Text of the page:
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Always be a big fish

Aardvark Marketing Consultants

Are you a big fish in a small pond, or a small fish in a big pond?

Generally, it’s better to dominate a niche than be a small player in a bigger marketplace.  Brand leadership tends to be self-sustaining, for example it is a well-established fact that over half of the marketing communication in a given category is attributed to the brand leader by customers, regardless of which brand was actually communicating.  So if you’ve got a great new fizzy cola and you spend lots of money advertising it, most of the benefit goes to Coca Cola or Pepsi, depending on which country you are in.

New customers, especially those who may not know much about what they are buying are also very easily drawn to ‘the leading supplier of … to the …market’.

Also, brand leaders often benefit from economies of scale giving them cost advantages over their competitors.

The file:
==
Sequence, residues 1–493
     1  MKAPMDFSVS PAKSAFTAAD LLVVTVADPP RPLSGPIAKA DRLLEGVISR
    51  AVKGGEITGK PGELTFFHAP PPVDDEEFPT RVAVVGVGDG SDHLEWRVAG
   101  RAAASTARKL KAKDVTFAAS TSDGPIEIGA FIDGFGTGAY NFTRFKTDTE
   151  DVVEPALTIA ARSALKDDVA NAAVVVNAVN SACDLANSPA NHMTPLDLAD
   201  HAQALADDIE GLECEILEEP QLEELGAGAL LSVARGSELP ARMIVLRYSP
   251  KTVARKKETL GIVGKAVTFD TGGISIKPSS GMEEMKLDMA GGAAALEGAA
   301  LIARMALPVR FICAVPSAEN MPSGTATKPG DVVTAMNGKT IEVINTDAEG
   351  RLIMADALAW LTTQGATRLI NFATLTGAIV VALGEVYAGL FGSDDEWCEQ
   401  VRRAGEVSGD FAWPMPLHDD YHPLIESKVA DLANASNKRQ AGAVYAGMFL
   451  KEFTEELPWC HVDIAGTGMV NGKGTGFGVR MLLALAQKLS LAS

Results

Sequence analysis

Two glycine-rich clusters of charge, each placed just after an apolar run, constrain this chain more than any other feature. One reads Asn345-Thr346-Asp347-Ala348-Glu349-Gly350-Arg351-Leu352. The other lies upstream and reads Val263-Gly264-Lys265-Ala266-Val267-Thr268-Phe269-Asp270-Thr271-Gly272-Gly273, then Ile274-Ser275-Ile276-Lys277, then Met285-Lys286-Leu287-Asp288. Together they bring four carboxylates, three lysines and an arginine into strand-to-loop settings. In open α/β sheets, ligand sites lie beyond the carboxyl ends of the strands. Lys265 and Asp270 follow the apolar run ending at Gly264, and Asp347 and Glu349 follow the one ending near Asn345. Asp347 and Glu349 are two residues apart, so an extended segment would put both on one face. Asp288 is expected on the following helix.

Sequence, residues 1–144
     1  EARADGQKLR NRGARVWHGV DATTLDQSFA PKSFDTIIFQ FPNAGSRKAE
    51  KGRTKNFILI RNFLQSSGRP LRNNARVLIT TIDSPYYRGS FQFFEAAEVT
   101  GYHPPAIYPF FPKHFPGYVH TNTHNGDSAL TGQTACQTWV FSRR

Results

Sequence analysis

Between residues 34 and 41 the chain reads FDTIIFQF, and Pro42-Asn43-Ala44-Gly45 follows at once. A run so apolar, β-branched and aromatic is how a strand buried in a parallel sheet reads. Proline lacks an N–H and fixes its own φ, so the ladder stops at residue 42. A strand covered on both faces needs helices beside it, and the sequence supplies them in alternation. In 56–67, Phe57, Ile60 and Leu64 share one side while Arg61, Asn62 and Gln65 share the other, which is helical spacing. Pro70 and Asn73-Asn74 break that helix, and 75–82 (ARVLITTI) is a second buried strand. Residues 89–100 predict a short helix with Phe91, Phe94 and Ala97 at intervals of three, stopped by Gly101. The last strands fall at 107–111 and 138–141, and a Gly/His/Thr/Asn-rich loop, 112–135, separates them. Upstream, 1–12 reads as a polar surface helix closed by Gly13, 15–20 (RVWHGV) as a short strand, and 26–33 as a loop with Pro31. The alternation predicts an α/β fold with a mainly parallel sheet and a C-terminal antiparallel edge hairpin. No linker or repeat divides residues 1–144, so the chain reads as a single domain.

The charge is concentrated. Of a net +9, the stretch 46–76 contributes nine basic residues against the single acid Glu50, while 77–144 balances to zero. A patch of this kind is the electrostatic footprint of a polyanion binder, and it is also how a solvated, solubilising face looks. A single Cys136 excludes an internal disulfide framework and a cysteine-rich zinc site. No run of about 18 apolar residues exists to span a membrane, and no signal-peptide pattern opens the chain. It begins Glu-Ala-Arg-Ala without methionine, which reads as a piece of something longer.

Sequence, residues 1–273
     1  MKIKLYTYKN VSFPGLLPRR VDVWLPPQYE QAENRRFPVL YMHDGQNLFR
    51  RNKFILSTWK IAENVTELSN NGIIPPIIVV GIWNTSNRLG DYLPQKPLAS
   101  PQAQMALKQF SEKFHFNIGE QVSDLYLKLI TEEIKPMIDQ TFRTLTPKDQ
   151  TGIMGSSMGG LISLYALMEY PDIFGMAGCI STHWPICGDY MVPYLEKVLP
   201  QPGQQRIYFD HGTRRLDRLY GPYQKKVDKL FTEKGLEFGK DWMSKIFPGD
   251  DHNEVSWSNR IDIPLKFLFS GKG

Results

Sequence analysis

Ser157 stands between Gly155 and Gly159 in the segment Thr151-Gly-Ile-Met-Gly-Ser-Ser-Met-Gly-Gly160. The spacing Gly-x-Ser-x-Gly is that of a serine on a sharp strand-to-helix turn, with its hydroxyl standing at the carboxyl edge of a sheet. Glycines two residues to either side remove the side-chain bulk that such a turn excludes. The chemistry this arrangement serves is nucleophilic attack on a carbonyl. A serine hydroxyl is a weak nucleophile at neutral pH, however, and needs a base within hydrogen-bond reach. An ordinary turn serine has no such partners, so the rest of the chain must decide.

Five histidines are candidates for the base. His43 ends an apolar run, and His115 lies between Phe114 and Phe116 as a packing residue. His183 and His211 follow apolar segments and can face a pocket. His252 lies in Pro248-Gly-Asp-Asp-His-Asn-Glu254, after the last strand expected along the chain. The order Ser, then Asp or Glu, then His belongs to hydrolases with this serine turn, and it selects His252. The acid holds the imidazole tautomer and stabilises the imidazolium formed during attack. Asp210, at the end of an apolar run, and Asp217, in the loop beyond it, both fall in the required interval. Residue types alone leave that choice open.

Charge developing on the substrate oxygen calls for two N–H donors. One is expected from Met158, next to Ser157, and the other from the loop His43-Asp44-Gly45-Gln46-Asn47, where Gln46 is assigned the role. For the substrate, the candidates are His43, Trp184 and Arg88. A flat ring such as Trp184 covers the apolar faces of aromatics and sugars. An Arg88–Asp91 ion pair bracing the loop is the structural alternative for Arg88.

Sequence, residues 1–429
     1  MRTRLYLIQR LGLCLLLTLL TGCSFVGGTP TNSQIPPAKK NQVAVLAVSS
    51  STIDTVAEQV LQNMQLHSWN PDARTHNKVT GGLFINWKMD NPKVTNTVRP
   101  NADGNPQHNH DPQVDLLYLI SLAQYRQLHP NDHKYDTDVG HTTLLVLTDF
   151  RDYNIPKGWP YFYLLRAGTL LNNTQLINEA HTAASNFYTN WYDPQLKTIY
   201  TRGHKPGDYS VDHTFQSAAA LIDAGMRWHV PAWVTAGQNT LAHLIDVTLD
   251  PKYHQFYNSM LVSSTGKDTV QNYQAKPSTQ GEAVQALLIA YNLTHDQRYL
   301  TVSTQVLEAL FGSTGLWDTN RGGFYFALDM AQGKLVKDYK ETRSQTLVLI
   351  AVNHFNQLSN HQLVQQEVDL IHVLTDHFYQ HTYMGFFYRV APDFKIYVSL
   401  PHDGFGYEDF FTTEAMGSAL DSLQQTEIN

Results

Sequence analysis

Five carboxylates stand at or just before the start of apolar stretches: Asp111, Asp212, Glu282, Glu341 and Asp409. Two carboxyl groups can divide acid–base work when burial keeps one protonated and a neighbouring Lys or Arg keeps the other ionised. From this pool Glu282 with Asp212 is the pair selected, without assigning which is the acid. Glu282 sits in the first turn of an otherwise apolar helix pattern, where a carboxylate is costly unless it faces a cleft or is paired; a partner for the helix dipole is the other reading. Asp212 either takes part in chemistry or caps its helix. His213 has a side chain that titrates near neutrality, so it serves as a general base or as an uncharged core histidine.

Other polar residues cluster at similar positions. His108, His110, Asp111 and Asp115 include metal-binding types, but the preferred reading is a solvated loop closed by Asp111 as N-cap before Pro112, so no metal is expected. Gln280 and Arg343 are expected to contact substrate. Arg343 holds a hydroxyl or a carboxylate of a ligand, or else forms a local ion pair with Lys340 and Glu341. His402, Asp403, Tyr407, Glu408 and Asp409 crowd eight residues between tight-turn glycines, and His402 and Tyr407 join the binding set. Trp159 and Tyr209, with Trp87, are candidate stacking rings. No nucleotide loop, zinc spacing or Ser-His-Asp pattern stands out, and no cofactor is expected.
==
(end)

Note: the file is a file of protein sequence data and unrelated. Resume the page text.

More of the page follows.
If you can concentrate your marketing and selling efforts, build a proposition that is very powerful for a small segment of the potential customer base then you might end up as the default choice in that niche, rather than spreading your resources thinly, trying to appeal to everyone and fight off big, powerful, well-established competitors.

Is there a vertical market that you do really well in, or where your current customers think you have a strong advantage over the competition?

 

What about geography – sometimes customers like to deal with local companies.  Could you be the leader in your town, city, county or region rather than servicing the whole country, continent or globe.  How many on-profile prospects do your sales and delivery people drive past on the way to a customer?

Of course, your chosen niche has to be viable, capable of delivering the turnover, profit and growth ambitions you have set for your business, and there can be risks if your chosen market is vulnerable to external impacts like legislation, environment, fashion etc.  However, it’s probably worth reviewing your current customer base and asking the question:

“Could we be the big fish in that market and what would it mean for our business?”